The American Academy of Pediatrics updated its standards of care to include screening for depression between 11 and 21 years of age.
The change is screening is a result of the prevalence of depression in teens. Reports indicate as many as 20% of teens have an episode of depression sometime during adolescence and approximately 9% meet the criteria for chronic depression.
Depression impacts self-esteem, social relationships with family and peers and school performance. Depressed adolescents often do poorly in school, are at risk for the development of eating disorders, tend to become involved in high risk behaviors (drug abuse, violence, school truancy, promiscuity), and have a high risk for suicide.
The new guidelines were put in place because there is a fear that many depressed children are not being identified. Historically, many physicians were often unaware of the depression unless the family or patient discusses their concerns. Estimates suggest that 50% of adolescents are not identified until they become adults. For these reasons the American Academy of Pediatrics has recommended physicians who care for adolescents routinely screen them all for depression.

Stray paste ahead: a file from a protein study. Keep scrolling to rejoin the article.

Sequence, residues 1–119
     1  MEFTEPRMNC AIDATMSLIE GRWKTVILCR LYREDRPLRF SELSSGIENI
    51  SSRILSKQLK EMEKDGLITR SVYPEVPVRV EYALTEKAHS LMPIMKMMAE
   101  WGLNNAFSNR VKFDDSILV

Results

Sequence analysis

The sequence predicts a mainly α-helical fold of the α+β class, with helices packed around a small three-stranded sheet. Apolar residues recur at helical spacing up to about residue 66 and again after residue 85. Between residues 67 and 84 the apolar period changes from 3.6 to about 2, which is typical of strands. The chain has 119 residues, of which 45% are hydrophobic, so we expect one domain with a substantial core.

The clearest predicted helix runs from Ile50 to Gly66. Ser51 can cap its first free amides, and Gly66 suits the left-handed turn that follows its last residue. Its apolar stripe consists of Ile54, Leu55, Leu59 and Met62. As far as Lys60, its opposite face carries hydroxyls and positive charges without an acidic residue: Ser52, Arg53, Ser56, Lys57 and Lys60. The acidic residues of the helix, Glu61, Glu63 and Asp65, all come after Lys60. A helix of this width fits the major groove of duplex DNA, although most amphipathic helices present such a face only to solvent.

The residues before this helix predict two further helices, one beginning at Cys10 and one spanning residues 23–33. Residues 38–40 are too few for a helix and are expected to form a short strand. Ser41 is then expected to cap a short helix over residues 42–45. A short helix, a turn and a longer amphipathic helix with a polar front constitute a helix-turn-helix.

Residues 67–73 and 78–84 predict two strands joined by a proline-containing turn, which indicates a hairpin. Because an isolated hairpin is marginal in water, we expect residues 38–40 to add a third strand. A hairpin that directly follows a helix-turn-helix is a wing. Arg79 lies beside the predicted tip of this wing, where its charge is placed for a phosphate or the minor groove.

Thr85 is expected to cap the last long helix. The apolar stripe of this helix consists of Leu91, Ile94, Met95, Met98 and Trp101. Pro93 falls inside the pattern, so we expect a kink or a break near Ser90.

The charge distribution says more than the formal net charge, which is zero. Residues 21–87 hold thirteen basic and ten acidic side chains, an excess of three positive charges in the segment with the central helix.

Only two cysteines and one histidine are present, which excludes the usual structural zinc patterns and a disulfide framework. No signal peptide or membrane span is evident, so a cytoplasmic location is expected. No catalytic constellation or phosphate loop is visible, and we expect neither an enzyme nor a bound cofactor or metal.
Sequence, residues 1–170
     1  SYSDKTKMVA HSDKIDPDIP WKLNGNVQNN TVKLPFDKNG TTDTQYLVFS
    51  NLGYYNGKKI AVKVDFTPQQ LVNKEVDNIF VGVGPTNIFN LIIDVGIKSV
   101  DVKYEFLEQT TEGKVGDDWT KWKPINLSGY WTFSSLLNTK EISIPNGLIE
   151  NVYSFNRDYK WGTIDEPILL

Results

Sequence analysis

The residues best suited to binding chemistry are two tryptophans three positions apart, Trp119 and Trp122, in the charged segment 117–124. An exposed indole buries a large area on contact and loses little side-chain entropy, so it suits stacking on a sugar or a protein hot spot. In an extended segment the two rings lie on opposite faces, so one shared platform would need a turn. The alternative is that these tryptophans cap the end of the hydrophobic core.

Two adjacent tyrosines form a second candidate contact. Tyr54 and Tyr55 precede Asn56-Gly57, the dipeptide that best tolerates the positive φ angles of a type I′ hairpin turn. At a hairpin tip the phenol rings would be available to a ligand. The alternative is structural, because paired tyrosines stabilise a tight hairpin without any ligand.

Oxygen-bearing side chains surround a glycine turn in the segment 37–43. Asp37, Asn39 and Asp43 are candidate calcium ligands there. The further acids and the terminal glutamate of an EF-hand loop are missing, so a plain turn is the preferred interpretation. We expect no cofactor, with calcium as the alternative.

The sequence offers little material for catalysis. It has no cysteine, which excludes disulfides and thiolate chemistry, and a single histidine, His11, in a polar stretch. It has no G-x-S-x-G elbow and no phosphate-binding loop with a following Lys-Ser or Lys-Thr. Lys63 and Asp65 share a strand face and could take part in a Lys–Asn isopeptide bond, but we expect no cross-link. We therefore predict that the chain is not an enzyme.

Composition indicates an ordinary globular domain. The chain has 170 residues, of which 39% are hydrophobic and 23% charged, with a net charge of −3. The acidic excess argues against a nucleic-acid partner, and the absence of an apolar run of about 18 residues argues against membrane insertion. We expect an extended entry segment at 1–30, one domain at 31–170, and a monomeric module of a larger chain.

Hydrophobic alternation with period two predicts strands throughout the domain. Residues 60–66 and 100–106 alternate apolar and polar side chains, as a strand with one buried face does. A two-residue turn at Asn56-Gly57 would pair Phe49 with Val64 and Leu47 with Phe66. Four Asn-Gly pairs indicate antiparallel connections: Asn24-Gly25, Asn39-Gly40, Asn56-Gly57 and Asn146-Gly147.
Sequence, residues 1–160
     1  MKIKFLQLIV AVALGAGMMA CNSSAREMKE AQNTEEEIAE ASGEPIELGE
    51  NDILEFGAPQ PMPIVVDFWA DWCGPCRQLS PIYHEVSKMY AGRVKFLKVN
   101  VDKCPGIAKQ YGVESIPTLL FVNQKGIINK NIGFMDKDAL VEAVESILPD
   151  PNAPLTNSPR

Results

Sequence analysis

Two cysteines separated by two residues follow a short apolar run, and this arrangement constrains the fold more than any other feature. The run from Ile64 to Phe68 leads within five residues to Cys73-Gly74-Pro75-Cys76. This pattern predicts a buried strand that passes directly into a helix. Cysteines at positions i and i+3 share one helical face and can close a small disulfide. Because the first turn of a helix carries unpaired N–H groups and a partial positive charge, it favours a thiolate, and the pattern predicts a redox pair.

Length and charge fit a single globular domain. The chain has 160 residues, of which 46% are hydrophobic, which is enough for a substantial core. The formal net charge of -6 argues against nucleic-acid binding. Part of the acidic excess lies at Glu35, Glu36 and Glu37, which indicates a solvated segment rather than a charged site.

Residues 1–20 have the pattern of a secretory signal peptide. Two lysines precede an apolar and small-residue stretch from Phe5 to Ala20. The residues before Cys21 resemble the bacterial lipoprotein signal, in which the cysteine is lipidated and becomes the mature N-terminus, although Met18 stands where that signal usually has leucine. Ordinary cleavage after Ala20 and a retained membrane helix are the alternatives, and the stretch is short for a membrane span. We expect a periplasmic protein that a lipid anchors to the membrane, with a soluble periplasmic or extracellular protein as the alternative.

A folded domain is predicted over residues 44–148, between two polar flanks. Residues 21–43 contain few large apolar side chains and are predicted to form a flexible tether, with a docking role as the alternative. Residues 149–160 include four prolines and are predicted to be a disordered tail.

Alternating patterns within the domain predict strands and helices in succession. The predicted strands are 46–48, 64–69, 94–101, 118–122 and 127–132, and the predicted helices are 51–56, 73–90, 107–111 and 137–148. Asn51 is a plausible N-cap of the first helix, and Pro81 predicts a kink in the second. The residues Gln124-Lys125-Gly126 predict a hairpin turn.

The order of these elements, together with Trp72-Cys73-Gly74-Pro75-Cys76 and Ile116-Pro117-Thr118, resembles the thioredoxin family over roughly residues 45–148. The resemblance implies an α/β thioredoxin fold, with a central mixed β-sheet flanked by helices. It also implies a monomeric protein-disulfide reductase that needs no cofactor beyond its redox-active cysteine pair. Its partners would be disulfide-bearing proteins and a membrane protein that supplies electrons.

Several screening tools for adolescent depression are available and the best rely on the observations of both the adolescent and their parent(s). While none are perfect, their relative high sensitivity (70-90%) makes them good "red flags" for identifying kids who need to be looked at in greater detail by their physician.
The more severe (the higher the score) the initial screening result is, and if the symptoms persist (present for 6 weeks or longer), this is the strongest predictor of significant depression.
I discuss more about the 6 major changes in screening in the Ask an Expert section.